Tip #25: Are you looking for new resources to compliment your species ID skills? Are you a budding citizen scientist? Want to contribute to the collection of biodiversity data? Check out the iNaturalist app, available through Google Play & iTunes inaturalist.org
Tip #24: Do you have Garry Oak trees on your property? Thinking about growing wild flowers? The Habitat Acquisition Trust explains how to do this using oak leaves here: ht.ly/RQBF30ku7hg. Bonus: You will also be caring for a very important ecosystem!
Tip #23: Are you considering local wild seed collection for your restoration project? Check out the article “Should I pick that? A scoring tool to prioritize and valuate native wild seed for restoration“. The proposed tool “can be applied to various restoration applications to assess relative effort, to plan and prioritize species for restoration projects and to help set fair seed pricing”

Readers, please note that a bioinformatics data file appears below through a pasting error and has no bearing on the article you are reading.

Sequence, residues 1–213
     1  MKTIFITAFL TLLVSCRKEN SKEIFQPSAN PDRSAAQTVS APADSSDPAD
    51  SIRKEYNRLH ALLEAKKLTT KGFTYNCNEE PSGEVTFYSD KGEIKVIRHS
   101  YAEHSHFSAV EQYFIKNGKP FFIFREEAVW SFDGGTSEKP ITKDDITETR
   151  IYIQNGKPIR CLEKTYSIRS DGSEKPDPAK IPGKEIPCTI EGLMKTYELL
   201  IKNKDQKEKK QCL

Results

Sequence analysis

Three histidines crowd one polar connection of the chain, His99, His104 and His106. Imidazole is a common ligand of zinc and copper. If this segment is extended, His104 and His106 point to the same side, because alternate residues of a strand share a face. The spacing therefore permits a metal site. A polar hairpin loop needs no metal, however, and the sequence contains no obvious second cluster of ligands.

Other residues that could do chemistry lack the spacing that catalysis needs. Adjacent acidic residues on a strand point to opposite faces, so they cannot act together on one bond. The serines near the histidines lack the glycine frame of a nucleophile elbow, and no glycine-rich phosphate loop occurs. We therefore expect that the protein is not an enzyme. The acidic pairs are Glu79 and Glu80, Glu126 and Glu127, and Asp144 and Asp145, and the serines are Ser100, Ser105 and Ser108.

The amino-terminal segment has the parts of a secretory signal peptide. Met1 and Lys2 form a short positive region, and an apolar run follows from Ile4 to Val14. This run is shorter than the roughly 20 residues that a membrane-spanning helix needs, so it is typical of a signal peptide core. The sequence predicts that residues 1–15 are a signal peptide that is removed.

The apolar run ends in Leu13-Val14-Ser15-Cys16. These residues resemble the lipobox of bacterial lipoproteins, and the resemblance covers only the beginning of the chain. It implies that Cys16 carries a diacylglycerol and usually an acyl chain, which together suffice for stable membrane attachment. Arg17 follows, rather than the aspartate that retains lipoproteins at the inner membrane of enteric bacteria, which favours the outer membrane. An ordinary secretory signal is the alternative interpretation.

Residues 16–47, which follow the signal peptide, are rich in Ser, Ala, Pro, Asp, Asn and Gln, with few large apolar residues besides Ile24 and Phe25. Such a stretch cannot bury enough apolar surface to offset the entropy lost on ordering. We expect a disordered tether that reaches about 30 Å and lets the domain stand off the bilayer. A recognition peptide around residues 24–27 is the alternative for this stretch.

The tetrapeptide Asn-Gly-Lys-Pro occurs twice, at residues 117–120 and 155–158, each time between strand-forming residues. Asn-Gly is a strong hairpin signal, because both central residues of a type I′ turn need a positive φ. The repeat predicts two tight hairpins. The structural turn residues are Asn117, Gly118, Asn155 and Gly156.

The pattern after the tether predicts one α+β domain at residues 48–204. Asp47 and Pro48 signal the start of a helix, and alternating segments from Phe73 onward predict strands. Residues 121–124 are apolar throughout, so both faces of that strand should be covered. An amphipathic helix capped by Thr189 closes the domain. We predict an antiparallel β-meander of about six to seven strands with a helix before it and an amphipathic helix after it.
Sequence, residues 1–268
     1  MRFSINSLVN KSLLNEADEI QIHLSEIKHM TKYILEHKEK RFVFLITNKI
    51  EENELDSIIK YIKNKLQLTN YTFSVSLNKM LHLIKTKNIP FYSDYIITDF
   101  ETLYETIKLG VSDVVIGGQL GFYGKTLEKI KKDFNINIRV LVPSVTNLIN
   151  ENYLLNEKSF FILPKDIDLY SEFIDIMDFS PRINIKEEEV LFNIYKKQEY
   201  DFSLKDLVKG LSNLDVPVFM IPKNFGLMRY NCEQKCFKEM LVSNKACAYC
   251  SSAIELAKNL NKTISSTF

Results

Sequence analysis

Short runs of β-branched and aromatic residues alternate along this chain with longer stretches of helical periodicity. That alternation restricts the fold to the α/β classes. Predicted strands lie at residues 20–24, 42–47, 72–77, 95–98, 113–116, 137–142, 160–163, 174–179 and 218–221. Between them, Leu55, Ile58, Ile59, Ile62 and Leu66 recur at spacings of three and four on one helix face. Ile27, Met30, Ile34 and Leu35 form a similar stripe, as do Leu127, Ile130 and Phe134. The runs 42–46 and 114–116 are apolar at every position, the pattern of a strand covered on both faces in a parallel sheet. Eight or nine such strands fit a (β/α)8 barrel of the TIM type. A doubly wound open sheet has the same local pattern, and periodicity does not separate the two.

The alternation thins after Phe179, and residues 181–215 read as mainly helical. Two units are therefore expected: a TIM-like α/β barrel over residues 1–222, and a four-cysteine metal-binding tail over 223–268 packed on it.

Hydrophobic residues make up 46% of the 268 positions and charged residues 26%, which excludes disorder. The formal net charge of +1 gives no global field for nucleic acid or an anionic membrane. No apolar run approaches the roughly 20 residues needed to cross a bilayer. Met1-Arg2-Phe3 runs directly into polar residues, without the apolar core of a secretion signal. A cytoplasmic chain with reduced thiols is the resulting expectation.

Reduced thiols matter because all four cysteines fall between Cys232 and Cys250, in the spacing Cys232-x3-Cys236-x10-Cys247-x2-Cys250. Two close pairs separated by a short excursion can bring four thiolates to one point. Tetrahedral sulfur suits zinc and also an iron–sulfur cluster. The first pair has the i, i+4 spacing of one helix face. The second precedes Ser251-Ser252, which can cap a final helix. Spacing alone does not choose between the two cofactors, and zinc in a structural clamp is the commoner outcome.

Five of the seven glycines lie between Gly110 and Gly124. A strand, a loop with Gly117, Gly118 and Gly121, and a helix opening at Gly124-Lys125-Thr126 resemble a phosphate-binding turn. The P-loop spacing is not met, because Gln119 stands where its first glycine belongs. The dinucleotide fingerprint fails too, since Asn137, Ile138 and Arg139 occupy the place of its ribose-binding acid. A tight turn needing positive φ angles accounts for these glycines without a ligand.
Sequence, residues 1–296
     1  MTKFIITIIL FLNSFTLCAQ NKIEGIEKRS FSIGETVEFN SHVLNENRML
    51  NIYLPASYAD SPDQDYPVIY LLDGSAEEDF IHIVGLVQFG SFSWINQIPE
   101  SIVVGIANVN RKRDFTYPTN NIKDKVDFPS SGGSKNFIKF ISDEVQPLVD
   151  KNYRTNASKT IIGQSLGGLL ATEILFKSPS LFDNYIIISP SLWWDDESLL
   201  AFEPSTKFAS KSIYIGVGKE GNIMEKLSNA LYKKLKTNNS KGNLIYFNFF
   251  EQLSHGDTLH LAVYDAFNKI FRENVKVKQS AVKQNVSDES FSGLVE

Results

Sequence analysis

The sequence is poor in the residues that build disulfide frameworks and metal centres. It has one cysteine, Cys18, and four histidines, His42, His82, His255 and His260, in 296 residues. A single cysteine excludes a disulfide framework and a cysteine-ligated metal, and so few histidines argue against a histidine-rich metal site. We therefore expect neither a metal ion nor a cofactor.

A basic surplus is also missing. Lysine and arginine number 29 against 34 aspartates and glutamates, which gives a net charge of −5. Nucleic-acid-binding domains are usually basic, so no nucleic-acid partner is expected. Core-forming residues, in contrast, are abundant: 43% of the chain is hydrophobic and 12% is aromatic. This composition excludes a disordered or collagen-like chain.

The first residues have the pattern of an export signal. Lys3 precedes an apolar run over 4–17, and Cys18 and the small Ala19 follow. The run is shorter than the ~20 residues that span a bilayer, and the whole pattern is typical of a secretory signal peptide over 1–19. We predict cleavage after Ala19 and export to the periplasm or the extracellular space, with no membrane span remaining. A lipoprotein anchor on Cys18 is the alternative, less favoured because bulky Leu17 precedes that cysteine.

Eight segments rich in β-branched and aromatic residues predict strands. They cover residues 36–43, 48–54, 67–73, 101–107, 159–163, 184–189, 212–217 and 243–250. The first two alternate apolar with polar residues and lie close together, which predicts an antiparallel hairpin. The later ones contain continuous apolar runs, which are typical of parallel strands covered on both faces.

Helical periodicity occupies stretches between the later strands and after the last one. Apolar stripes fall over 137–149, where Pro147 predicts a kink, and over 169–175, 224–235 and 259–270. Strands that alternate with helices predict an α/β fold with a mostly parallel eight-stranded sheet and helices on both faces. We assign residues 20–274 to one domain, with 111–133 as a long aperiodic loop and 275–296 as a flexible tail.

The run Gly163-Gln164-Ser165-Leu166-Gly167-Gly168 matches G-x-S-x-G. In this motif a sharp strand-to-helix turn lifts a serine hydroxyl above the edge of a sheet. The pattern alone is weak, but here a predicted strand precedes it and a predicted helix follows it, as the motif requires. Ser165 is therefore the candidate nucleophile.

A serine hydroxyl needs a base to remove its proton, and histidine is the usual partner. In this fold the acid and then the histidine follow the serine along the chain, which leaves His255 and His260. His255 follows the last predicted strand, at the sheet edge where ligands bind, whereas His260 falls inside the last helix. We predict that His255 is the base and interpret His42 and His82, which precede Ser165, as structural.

Tip #22: Why are green roofs useful for grassland and prairie conservation? Check out this research paper Carabid and spider population dynamics on urban green roofs (Bergeron, Pinzon & Spence, 2018) for more information.
Tip #20: How big is Canada’s Boreal forest? Well, it spans from Alaska to Labrador and is the largest intact forest left on the planet. If you do work here, be sure to follow & check out resources provided by Boreal Conservation!